Leaf Spring vs. Coilover Suspension: Understanding the Key Differences

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leaf spring suspension closeup

Automotive design has come a long way since Karl Benz designed the Patent Motorwagen in the late 1800s, and Henry Ford brought the T-4 powered Model T to the masses in 1908. Those early cars were little more than motorized adaptations of the horse-drawn carriage, but we now have cars with sophisticated electronics that have us closing in on the point where they may become fully autonomous. 

The interim steps have seen innovations in fuel delivery, engine efficiency, and the mechanisms that allow us to drive over bumpy surfaces without loosening our dental work. This part of a vehicle is called the “suspension” since it connects the chassis to the axles, while maintaining a distance from the ground that’s appropriate enough for comfortable and safe driving. Along with smoothing out bumps, your car’s suspension helps keep the wheels firmly on the road over uneven terrain. 

Older cars specifically most often had leaf spring suspensions. In this configuration, the axles are connected to the frame via curved springs made up of layers of metal — or “leafs” — which are bolted together or banded with metal straps and mounted using U-bolts and nuts. Leaf springs are attached at fixed points on the frame, and need separate shock absorbers to dampen road vibration and control spring oscillation. They will sag over time and under load and eventually require replacement.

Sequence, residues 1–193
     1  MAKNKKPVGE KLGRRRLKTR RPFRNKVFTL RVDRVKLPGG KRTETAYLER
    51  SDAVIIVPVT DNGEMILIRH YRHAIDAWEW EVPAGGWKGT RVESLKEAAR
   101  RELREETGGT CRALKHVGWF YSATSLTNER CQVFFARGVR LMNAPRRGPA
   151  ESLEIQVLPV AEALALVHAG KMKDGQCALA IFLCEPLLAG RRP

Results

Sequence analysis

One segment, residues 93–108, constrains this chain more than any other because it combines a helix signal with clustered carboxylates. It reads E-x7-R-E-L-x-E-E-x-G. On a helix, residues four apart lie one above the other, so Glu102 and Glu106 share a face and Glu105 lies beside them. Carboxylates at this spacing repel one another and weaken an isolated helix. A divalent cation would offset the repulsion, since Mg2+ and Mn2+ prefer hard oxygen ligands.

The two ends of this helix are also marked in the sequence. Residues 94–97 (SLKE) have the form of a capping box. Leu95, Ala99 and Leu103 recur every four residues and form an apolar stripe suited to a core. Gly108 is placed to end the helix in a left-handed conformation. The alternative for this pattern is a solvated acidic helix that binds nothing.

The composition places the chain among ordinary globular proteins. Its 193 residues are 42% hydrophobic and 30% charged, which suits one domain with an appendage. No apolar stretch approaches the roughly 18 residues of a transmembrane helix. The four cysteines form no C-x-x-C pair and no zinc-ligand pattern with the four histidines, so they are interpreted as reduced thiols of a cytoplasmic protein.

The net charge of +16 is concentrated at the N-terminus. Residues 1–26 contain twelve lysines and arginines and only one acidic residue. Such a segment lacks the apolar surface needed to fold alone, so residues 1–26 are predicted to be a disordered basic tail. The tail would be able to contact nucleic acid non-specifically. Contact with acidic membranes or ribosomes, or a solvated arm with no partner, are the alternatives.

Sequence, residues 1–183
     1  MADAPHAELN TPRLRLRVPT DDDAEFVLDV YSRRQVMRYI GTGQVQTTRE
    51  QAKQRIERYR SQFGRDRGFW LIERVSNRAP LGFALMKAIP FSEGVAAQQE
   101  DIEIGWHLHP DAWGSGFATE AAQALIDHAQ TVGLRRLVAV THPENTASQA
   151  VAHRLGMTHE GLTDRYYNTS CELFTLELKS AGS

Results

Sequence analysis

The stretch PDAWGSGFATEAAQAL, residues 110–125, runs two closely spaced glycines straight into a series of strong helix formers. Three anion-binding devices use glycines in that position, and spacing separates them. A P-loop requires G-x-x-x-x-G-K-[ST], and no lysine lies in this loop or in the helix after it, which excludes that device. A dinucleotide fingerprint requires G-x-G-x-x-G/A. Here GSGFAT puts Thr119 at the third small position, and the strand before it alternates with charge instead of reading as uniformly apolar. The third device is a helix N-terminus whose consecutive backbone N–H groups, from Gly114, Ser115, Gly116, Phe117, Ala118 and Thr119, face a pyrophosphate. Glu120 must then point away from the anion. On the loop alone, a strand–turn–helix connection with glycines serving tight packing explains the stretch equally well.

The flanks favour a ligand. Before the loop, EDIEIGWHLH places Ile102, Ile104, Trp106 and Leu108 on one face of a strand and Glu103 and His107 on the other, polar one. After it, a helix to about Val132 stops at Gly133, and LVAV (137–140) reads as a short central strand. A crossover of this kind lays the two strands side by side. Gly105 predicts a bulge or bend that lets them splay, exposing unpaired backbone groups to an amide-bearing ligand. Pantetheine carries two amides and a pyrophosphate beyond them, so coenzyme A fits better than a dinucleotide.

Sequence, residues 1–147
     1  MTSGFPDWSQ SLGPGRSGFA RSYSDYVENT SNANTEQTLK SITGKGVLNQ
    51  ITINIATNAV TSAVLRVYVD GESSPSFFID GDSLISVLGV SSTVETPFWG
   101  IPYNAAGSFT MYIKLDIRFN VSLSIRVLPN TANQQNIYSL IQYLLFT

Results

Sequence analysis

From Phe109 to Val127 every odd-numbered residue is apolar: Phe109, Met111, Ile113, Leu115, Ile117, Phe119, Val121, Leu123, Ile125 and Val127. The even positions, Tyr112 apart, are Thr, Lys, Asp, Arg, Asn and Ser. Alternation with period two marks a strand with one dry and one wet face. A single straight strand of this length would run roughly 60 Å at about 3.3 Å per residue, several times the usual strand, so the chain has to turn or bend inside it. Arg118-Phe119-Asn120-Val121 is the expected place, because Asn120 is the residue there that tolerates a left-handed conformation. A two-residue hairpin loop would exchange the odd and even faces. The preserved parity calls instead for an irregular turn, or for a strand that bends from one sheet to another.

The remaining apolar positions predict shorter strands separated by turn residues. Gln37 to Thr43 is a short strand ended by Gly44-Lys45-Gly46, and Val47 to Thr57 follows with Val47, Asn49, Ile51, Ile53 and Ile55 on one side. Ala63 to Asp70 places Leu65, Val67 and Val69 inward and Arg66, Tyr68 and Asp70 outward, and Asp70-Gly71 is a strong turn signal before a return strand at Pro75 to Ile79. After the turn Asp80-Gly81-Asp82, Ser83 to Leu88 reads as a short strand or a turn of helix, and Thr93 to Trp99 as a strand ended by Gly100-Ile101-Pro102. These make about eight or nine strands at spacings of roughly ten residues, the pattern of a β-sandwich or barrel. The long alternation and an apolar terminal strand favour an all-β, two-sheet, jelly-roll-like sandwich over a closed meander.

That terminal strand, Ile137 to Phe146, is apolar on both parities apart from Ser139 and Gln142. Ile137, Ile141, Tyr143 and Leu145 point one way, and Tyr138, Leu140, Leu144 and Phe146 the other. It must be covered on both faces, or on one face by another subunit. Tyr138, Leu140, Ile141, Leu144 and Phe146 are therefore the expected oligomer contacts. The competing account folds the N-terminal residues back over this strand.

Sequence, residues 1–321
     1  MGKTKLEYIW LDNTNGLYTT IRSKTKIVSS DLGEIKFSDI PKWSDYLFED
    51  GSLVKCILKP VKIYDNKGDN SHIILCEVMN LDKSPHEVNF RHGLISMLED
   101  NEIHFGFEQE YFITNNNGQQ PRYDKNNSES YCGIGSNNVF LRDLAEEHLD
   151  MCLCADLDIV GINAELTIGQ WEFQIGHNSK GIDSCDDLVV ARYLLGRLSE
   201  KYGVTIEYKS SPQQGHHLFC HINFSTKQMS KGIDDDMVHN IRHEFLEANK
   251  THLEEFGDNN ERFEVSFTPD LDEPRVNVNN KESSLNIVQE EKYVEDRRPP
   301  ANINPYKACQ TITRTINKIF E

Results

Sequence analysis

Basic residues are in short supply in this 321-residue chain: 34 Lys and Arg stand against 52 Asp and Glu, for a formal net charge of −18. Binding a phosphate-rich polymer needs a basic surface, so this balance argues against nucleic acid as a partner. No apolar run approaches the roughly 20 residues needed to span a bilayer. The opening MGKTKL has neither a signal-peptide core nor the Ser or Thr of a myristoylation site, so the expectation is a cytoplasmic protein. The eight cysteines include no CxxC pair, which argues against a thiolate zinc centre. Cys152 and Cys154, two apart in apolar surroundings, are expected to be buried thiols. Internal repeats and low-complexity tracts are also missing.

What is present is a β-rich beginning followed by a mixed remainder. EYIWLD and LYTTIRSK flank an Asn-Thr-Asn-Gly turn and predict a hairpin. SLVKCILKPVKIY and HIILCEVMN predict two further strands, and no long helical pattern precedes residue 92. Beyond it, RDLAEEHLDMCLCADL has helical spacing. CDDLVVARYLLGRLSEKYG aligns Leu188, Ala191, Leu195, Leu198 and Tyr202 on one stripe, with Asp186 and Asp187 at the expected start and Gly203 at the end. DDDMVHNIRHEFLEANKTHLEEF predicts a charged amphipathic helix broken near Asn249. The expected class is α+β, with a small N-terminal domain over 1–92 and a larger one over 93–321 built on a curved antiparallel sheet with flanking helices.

Coilovers combine shocks and springs

Bilstein coilovers

A coilover has a shock absorber topped with a coil spring, collar, and bump stop, and combines the functions of a leaf spring and shocks. Most cars come from the factory with separate shocks and coil springs, but it’s usually easier to replace these components with a single coilover unit when they become worn. 

Many aftermarket coilovers are easily adjustable for ride height and dampening level, whereas leaf springs need to be changed completely to lift or lower a vehicle, or alter the spring rate. Leaf springs are simpler in design and don’t require geometric adjustments when they’re changed unless you’re making a drastic adjustment in ride height.

If you’ve read our primer on the difference between shocks and struts, you might now be wondering if a strut and coilover are the same thing. Both devices combine a coil spring and shock absorber, but coilovers allow you to choose a higher, lower, stiffer, or softer ride than original equipment struts. Coilovers and struts also perform the leaf spring’s job of supporting the vehicle’s weight. 

Installing coilovers can change the geometry of your car’s suspension and usually requires an alignment be done afterwards, particularly if height adjustments are made. Leaf spring and shock upgrades or swaps should only change the distance between the axles and frame, and shouldn’t require an alignment if done properly. 

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